Though not very likely unless he puts on weight, he could play a hybrid role similar to what he mostly played in college. This is known by many names, such as the Aztec position. This is similar to what Deone Bucannon plays in Arizona.

He can blitz very well from the box, and constantly get pressure on the quarterback and disrupt running plays.

Jabrill LB Blitz (3).gif

Jabrill LB Blitz (2).gif

Jabrill LB Blitz.gif

He also provides protection against elusive quarterbacks such as Russell Wilson and Marcus Mariota as a QB spy with his 4.46 speed.

Jabrill LB Spy.gifJabrill LB Spy (2).gif

With his 4.46 speed, comes amazing pursuit ability. This is not only useful for linebackers, but he showed it a lot while in the box.

Jabrill LB Pursuit (3)

Jabrill LB Pursuit (2)

Left Outside Cornerback, Right Outside Cornerback, and Nickel Cornerback

Peppers occasionally played cornerback in certain cases and showed that he is capable of playing the position very well if focused more on it.

He also showed flashes in coverage as a cornerback, when given the opportunity. He has the speed, agility, size, fluidity, and football knowledge to be an elite cornerback if needed. (Follow black arrow, not white arrow in first clip)

Jabrill CB Coverage.gif

Jabrill CB Coverage (2).gif

As stated before, his tackling is phenomenal, and open field tackling is a necessity. Wide receivers are no match to block Peppers.

Jabrill CB Tackle.gif

Jabrill LB Pursuit.gif


Jabrill Peppers could be HB1 this year, had he stuck with halfback coming out of high school rather than defensive back. He is the most gifted two-way athlete from Michigan since Charles Woodson, and will definitely get the ball in his hands on offense.

Jabrill RB Speed.gif

X Receiver, Z Receiver, Slot Receiver

Jabrill has not played much, if any wide receiver in college. But that shouldn’t limit him at the next level. He has the playmaking skills, size, and speed to be able to do this very well at the next level.

Here we compare his measurables to one of the best wide receivers in the NFL, Odell Beckham, Jr.

jabrill v odell

He also displayed his catching ability at the Combine and showed he was a natural pass-catcher.

Jabrill Catch.gifJabrill Catch (2).gif

Kick Returner and Punt Returner

Jabrill was one of the most exciting players to watch, and this was a huge reason why. Anytime he got the ball in his hand off of a punt or kick off, the fans would get excited. He will be an immediate star in this department.

Jabrill PR (2).gifJabrill PR (3).gifJabrill PR.gif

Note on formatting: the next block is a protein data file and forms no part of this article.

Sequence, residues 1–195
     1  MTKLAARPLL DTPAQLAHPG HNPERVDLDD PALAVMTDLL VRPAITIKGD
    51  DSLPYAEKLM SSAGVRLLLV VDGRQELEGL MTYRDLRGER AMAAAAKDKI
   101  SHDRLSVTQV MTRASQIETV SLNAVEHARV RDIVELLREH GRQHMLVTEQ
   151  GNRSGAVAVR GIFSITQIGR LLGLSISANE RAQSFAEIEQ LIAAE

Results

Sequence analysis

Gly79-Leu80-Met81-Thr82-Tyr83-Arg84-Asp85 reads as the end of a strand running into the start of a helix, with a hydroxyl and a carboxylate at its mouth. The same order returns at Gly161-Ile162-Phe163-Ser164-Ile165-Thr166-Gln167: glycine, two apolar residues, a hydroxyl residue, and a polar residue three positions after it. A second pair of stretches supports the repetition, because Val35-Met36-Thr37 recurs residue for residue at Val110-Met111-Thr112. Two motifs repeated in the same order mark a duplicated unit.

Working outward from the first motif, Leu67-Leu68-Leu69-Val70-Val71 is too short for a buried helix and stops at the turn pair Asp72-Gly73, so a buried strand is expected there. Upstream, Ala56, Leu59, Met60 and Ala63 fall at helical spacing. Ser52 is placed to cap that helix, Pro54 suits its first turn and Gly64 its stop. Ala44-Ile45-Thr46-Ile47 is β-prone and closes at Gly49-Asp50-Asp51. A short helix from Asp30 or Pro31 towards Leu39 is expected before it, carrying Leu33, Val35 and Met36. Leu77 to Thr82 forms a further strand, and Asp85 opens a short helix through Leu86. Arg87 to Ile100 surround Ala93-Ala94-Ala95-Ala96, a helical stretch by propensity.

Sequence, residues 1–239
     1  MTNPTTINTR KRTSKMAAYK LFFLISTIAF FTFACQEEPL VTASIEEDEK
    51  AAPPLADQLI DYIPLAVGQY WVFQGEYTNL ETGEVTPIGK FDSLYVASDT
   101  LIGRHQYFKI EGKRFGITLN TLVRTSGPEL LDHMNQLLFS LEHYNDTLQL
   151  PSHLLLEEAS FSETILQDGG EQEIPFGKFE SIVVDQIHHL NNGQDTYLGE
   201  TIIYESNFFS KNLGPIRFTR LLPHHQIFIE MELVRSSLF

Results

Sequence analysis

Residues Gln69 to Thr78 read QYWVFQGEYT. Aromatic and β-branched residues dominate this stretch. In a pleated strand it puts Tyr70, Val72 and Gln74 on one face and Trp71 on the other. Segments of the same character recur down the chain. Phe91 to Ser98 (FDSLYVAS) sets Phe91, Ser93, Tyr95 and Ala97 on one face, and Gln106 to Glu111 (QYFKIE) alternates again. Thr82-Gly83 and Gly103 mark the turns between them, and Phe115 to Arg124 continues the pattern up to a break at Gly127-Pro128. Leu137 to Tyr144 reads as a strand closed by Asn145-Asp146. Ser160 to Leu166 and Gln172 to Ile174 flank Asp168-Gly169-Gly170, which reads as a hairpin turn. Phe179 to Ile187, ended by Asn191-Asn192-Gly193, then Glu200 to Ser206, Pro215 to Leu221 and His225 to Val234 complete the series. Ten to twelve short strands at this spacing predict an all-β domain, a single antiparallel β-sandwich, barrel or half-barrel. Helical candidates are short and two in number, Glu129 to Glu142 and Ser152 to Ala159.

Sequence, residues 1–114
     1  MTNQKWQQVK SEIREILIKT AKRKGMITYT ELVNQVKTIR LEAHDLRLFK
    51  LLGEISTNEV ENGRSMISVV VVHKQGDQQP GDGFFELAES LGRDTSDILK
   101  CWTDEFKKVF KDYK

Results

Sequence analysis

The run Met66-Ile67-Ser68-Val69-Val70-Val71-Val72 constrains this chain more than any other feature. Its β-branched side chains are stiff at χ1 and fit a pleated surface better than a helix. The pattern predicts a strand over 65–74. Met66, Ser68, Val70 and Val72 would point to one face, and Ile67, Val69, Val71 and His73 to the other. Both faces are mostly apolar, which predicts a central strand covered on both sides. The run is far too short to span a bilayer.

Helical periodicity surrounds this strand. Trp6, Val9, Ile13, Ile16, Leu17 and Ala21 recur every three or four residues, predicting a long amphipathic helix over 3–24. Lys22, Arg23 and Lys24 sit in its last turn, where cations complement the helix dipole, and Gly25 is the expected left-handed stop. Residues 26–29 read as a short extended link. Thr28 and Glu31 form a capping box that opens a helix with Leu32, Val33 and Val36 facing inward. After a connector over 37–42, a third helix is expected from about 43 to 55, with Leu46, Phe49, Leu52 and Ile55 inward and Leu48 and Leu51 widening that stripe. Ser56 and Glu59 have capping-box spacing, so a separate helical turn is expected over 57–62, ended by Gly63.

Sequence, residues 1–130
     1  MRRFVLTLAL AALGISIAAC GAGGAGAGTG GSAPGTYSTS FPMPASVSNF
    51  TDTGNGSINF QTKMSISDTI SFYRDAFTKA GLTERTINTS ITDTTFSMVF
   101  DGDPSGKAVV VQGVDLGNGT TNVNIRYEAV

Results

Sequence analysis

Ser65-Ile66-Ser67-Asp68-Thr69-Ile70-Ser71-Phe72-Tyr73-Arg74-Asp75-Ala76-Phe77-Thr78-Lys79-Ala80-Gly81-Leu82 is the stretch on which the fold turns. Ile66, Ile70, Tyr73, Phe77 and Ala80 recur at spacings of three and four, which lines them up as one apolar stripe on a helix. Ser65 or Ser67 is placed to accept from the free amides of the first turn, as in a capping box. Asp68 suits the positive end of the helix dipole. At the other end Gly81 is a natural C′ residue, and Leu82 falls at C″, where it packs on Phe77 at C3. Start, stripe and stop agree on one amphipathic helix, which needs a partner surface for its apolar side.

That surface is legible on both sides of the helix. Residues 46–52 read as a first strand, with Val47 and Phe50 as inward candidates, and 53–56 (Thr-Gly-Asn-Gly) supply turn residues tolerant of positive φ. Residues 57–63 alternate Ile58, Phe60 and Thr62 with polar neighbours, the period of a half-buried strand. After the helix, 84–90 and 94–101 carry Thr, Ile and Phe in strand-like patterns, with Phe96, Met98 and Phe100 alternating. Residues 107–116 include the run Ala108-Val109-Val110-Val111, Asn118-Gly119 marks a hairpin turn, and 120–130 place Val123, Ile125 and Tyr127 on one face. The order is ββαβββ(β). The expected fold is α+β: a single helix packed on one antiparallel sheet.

Jabrill Peppers presents an amazing, almost unreal amount of versatility and potential. And the more versatile depth a player provides, the more value he adds to the football team. And he has more total value than any other football player in the draft. So he is the most valuable player in this draft. His potential is oozing and he has the ability to excel at any one of the positions. Will he fall to mid 1st? Possibly. Would I draft him top 5? Absolutely.

Written by @RTFootballScout

Post Combine Small School Big Board


Top 20

1.) Derek Rivers (Edge, Youngstown State)

2.) Adam Shaheen (TE, Ashland)

3.) Tanoh Kpassagnon (DE, Villanova)

4.) Julien Davenport (OT, Bucknell)

5.) Cooper Kupp (WR, Eastern Washington)

6.) Lorenzo Jerome (FS, St. Francis)

7.)  Corey Levin (OG, UT Chattanooga)

8.) Keionta Davis (DE, UT Chattanooga)

9.) Brendan Langley (CB, Lamar)

10.) Jessamen Dunker (OG, Tennessee State)

11.) Javancy Jones (LB, Jackson State)

12.) Chad Williams (WR, Grambling State)

13.) Ezra Robison (CB, Tennessee State)

14.) Avery Moss (DE, Youngstown State)

15.) Jordan Morgan (OG, Kutztown)

16.) Javarius Leamon (OT, South Carolina State)

17.) Winston Craig (Richmond)

18.) Karter Schult (DE, Northern Iowa)

19.) Samson Ebukam (DE, Eastern Washington)

20.) Cameron Lee (OG, Illinois State)


1.) Brady Gustafson (Montana)

2.) Antonio Pipkin (Tiffin)

3.) Alex Torgersen (Penn)

4.) Jack Nelson (Winona State)

5.) Skylar Mornhinweg (Columbia)

6.) Nick Shafnisky (Lehigh)

7.) Justin Dvorak (Colorado Mines)

8.) Jake Melville (Colgate)

9.) Kyle Zimmerman (Northwest Missouri State)

10.)  Michael Birdsong (Tennessee Tech)


1.) Tarik Cohen (North Carolina A&T)

2.) De’Angelo Henderson (Coastal Carolina)

3.) Khalid Abdullah (James Madison)

4.) Lenard Tillery (Southern)

5.) Jody Webb (Youngstown State)

6.) William Stanback (Virginia Union)

7.) De’Shawn Jones (Campbell)

8.) Kade Harrington (Lamar)

9.) Martin Ruiz (Youngstown State)

10.) King Frazier (North Dakota State)

Wide Receivers

1.) Cooper Kupp (Eastern Washington)

2.) Chad Williams (Grambling State)

3.) Karel Hamilton (Samford)